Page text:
We have taken our children out of public school because we feel this will change their educational experiences for the better. We are willing to risk negative opinions of others to do so. We are willing to take a risk financially so that I can stay home with them until they are grown. But, it is easy to take risks for one’s children. Would I take such a risk for someone else’s child?

We have adopted three times, each time with the risk of a birthparent deciding to parent the child. We have gained so much from this risk, but would I take such a risk without such a possible reward?

Do I dare give of myself when it means risk to my own comfort?

I would like to say that I would be ready to take a seat on a bus, to walk in a protest, to trust someone who may not be trustworthy in the name of helping humankind. I have never been in this position. Sure, I have given money to NGO’s to help in Haiti. I have bought jewelry from Bead for Life. I have given of my time at Toys for Tots and I have rung a bell our Salvation Army. But, what exactly does that require of me but time or money?

I have not experienced discrimination. I have not experienced abuse. I have not been a victim of crime. I have not been asked to really give of myself in ways that might be uncomfortable? Would I be able to heed the call if it came? Would I dare?

Happy Father's Day!

Saturday, June 19, 2010

21.5.800 21 Day Challenge Day 12



Gratitude Inventory

My husband: He knows me. He buys milk. He worries about our future so I can be in the present each day with our kids. He eats vegetarian meals that I cook for him…he cooks vegetarian meals for me. He loves to grow things. He is patient. He suggests that we take the kids swimming. He looks good in a suit. He looks great on a tractor (in my mind).

My daughter: She misses the forest sometimes, but always sees the trees.  She helps me see the trees. She cares for her brothers (even Reeves) deep down inside. She is my role model for compassion. She draws in fine detail. She loves milk. She helps all the time with her baby brother. She has lovely hands. She is big enough to sit in the front seat and keep me company on trips. She is becoming a beautiful young woman.

My #1 son: He is sweet and sour. He has a sweet voice that I will miss when he hits puberty. He has cute, square feet. He is wise beyond his years and still innocent. He is an excellent reader. He genuinely loves his brother and sister. He speaks gently to the cat. He writes like a child, but understands more than some adults. He is intuitive and full of love.

My #2 son: He has the blondest curls. He is really good at pee-peeing in the potty. He announces a potty accident with, “You not mad?” He calls his sister “Sissy” and his brother “Bo.” He gives gentle hugs and kisses. He likes to cuddle. He hates changes, but adapts easily when given a nudge. He is not afraid of the water. He is eager to learn. He loves trains and dinosaurs. He eats his vegetables.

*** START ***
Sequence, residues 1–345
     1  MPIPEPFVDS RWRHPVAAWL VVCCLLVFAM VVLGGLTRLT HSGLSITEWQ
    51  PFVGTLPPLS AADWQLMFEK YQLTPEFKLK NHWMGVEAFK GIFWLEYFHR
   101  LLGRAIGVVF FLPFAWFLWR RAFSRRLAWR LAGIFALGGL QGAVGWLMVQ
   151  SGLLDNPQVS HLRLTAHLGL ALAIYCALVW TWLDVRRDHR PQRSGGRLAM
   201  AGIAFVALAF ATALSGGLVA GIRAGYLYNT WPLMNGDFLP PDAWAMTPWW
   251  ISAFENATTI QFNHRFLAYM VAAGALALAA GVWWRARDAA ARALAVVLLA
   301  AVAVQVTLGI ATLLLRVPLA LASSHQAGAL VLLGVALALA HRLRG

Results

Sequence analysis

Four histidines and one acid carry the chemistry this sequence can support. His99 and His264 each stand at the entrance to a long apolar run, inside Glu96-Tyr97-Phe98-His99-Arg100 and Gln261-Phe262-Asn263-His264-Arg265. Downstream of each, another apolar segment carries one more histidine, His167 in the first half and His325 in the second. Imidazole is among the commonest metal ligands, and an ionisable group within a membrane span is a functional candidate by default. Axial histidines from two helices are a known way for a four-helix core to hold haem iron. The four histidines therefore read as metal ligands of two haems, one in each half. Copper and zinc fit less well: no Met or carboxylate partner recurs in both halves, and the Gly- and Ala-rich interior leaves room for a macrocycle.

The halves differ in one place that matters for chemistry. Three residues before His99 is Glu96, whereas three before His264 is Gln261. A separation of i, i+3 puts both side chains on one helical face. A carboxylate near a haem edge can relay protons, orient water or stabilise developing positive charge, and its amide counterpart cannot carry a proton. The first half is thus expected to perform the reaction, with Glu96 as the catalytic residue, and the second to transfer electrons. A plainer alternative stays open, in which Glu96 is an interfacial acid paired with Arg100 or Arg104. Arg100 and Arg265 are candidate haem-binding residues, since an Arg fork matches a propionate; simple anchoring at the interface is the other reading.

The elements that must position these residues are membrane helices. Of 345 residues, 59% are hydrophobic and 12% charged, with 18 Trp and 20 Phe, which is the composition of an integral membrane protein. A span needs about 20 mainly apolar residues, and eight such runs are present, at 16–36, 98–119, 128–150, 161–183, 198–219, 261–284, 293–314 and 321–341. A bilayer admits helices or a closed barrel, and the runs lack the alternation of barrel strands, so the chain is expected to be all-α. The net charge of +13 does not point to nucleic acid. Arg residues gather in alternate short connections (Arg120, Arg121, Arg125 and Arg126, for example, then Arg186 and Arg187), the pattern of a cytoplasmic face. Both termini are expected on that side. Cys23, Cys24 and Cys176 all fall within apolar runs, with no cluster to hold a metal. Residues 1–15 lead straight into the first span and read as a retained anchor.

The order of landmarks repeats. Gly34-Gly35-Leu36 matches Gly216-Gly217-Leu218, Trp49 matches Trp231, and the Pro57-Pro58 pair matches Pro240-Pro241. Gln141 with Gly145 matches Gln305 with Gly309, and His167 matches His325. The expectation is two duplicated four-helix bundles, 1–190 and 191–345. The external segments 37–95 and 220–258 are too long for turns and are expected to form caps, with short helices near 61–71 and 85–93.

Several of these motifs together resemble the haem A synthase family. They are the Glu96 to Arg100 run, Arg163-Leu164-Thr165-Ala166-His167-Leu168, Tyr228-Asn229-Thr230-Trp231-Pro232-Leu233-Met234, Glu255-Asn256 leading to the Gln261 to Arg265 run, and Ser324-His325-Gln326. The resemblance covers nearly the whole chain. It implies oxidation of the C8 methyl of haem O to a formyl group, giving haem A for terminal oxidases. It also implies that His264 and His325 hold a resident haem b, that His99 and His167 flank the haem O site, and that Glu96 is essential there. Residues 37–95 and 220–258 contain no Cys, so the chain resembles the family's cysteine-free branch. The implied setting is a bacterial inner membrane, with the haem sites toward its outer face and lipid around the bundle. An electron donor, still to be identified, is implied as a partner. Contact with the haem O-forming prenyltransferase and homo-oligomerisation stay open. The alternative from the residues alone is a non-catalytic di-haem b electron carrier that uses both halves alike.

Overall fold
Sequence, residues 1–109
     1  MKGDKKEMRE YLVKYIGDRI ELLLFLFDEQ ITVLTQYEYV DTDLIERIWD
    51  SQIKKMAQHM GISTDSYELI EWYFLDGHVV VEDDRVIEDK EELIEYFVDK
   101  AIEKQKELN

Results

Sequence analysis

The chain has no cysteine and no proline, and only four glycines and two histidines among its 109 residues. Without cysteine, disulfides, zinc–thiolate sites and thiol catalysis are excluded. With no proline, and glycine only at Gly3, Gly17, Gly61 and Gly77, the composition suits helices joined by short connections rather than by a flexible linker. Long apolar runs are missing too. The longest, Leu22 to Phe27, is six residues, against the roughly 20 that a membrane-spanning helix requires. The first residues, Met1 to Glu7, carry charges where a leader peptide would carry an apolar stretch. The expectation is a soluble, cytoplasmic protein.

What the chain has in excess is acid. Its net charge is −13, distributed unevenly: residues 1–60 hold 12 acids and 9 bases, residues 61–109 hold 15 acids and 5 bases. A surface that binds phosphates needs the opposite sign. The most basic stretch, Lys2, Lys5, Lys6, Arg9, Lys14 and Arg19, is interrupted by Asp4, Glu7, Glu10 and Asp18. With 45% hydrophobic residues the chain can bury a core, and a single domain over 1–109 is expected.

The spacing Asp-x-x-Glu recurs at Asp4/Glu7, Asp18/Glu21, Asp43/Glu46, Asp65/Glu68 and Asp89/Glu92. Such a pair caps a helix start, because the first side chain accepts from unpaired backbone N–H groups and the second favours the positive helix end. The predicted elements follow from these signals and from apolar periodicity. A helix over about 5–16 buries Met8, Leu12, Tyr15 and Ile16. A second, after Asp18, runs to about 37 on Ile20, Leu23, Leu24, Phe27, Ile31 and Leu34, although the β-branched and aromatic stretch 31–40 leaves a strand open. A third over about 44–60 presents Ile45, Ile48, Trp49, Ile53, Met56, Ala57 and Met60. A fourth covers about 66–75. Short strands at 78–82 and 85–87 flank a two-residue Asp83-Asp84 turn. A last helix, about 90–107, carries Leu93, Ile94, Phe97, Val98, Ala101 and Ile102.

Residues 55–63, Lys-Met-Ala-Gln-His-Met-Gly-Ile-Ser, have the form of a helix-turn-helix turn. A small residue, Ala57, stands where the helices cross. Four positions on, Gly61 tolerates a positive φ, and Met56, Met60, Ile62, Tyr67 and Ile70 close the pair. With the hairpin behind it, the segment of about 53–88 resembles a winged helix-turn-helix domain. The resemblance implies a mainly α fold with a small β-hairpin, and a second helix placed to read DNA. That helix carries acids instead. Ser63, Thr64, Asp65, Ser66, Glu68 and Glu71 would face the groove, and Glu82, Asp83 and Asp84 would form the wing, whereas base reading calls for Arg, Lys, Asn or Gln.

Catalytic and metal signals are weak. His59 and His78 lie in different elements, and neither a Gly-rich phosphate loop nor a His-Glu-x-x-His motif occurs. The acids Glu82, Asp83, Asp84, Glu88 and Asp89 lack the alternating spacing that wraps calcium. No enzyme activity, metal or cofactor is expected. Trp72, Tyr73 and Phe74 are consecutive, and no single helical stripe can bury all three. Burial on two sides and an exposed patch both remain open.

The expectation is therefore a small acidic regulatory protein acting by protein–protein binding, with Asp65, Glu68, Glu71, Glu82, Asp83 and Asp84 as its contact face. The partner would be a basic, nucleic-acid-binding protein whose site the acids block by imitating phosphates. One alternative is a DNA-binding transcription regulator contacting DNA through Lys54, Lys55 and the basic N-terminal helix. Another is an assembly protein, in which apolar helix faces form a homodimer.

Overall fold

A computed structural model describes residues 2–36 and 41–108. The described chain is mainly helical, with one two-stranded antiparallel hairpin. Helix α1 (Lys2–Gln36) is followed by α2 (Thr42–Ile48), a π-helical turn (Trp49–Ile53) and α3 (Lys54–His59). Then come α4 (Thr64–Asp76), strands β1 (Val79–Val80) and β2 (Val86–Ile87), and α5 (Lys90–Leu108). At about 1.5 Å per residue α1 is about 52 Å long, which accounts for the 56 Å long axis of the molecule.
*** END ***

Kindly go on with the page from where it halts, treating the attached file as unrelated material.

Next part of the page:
Cuss words: They are not magical…but empowering when I feel out of control.

Beets: One of my favorite vegetables that no one else in the family will eat. They taste like earth and are dangerously red.

Farmers markets: Feel like honesty. I love a market where the vendors are the farmers who grew own crops. I love heirloom tomatoes, beets, Swiss chard, candy onions, and sour cherries. I love handmade signs, local honey, and flowers cut hours before market time. I love the free puppies and kittens and the street musicians.

Lemon Pie: Perfect in its imperfection. Sold by a vendor at the market, the last one among other straggling goodies. No boxed mixes. Tangy and sweet at once.  Delicious. The beginning of my aspirations to make pies.

The farm: Our meeting place.

The van: Nicknamed “Blue Jack” by the kids. He has a small dent in the back bumper, a peeling Namaste sticker, apple cores in the back seat, a driver-side window that won’t roll down, and filthy windows. But…he gets us wherever we want to go with no complaints. He’s been good to us.

McDonalds: Though I am hesitate to acknowledge this shrine to factory farming, I have made it through many a sleepy afternoon drive with McD’s $1 unsweetened tea.

A lost Nintendo DS: A lesson in patience and unattachment has fallen upon my middle child…no, he is teaching me about these things through his reaction (nonreaction) to his loss. Though he is greatly disappointed, he is remarkably calm and resigned to the loss. He has already devised a plan but not one involving instant gratification. Go boy!

A pumpkin vine: A mighty vine that has taken over our flower bed and is crawling across the lawn toward the public sidewalk. She is reminding me to bloom where I am planted…and bloom with gusto!

Lessons learned and blessing counted.
What is in your gratitude inventory this week?
Post your list or a link in the comments!